This is an experiment where we try to find out how much faster Postgres will run
if patch it to support non-durable reads. Postgresql supports a number of
options when commiting but the ones we are interested in at the moment are
synchronous_commit = on and
synchronous_commit = off. When it is set to
Postgresql will wait until the WAL is properly synchronized to the disk before
returning to the client and when it is
off it will not wait at all. Also,
when it is
on postgresql will not release any locks or make any tuples visible
to other transactions until the WAL is synchronized to disk. This means if you
have heavy write contention on a particular row then all of your connections
can end up being serialized around fsync().
For example take this query:
If you run this using pg_bench and 128 clients on Macbook Air with
wal_sync_method = fsync and
synchronous_commit = on you will get around
1283 transaction/s. This is with an fsync cost of about 0.2 ms. If you
wal_sync_method = fsync_writethrough this increases the fsync cost
to about 10ms and the throughput will drop to around 90 transaction/s. If you
synchronous_commit = off this will increase perforamnce and you will
get around 2611 transaction/s. However, this is kind of unsafe and you might
lose transactions that you think have been committed if you have a sudden loss
Now, we have made a change to postgresql to drop its locks and record the
transaction as visible and then wait for the WAL log to be synchronised to disk.
This gives you similar guarantees to
synchronous_commit = on and similar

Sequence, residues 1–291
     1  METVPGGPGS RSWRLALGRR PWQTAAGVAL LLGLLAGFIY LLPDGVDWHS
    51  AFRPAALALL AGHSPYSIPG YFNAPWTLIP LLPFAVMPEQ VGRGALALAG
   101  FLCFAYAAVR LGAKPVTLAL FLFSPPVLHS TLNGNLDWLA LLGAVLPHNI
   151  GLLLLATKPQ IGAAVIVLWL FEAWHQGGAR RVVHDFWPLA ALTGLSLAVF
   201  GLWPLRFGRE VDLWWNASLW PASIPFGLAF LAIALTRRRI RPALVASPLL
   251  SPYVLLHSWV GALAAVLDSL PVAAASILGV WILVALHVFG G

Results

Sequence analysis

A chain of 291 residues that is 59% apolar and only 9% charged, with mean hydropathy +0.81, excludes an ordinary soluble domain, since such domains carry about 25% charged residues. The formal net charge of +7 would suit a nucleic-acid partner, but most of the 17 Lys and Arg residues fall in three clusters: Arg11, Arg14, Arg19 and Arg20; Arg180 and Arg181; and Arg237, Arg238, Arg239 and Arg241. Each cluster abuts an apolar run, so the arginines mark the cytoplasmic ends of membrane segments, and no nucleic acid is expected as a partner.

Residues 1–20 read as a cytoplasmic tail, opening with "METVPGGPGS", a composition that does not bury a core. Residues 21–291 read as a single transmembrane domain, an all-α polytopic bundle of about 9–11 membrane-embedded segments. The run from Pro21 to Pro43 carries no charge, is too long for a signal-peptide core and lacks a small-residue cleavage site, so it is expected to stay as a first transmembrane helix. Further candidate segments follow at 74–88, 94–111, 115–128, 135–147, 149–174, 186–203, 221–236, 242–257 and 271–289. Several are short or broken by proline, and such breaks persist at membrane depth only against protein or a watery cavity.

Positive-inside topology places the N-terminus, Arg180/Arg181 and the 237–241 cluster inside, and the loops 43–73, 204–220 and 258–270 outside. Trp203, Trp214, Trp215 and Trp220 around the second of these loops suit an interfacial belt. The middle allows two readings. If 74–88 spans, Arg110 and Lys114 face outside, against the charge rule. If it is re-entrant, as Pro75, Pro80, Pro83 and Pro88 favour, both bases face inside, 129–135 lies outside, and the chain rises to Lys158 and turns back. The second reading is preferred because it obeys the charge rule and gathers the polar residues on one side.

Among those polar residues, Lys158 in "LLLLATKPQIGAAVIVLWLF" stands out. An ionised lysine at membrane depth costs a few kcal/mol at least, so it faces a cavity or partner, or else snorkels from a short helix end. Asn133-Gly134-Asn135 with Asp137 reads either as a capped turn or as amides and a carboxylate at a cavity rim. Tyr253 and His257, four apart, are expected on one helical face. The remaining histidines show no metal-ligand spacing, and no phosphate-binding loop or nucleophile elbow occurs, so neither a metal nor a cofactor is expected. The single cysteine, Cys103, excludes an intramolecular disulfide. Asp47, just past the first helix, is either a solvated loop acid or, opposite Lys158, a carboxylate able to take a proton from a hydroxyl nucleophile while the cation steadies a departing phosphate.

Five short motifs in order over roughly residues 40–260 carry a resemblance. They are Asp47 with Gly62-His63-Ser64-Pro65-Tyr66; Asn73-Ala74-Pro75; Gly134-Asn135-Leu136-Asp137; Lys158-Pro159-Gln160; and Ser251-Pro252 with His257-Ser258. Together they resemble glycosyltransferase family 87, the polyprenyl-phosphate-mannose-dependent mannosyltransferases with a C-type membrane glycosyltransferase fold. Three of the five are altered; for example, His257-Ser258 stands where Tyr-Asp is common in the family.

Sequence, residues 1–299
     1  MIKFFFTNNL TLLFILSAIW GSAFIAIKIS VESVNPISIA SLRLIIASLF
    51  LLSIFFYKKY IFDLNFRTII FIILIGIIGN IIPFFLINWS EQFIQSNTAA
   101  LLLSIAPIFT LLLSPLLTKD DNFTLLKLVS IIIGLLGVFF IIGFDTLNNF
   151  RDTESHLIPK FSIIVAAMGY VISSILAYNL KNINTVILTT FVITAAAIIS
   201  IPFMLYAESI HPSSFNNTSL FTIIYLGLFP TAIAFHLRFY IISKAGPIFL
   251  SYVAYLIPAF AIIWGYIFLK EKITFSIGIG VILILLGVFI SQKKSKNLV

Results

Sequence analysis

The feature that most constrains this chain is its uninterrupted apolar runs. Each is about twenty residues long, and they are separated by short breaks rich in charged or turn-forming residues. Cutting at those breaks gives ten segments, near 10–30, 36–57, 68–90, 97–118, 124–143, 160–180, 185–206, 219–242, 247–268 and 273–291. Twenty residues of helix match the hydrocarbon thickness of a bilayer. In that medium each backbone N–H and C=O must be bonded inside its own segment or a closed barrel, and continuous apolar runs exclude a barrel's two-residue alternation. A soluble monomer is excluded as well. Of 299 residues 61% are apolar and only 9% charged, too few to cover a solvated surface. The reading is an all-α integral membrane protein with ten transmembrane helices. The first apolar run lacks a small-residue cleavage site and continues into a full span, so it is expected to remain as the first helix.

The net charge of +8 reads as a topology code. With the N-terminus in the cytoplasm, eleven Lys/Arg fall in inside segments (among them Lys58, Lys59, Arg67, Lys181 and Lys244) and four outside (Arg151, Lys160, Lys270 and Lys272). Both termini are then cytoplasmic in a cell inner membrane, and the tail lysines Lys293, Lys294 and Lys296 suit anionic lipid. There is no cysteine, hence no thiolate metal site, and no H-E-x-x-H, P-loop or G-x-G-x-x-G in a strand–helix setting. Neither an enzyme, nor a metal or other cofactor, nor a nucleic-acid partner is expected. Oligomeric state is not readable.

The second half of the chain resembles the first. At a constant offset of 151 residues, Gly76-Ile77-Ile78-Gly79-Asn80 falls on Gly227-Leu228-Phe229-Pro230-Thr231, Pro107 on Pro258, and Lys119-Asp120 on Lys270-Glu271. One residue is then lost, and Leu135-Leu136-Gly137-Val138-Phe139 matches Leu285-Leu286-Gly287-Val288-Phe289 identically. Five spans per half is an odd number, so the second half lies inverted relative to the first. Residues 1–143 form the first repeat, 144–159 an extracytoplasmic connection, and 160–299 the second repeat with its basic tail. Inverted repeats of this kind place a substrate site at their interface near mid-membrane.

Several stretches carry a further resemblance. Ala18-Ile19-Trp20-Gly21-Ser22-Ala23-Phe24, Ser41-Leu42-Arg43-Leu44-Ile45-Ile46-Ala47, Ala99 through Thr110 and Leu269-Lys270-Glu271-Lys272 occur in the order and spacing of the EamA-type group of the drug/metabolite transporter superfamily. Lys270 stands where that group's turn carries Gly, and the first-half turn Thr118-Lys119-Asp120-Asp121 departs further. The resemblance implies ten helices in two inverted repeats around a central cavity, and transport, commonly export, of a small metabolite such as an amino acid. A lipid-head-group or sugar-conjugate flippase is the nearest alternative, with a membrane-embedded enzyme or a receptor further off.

synchronous_commit = off when there is high contention. When,
there is low contention it has similar performance to
synchronous_commit = on.
After, this change we get 3321 transactions/s which is about 2.5 times better
synchronous_commit = on and suspiciously even higher
synchronous_commit = off. Currently, I don’t have an explanation for this
and it would seem to indicate that there is an implementation error in the
patch. (Definitely, do no trust this patch with real data this is currently just
an experiment.) I would expect that this new mode would perform strictly worse
synchronous_commit = off.
It also important to note that using this setting
sychronous_commit = local_non_durable_reads will produce read anomalies that
can be similar to the write anomalies you get with
sychronous_commit = off.
For example if you insert an tuple and it fails with a unique check then you
later try to read that tuple then it is possible it won’t be there anymore
because the original write was not durable when the read was performed for the
unique check. But for this counter example it is 100% safe as long as you never
try to read the value of the counter :)
If there is any interest in this I might try to upstream the patch into PG. I’m just not sure if there are people running with high enough contention and high enough fsync times to make this setting useful.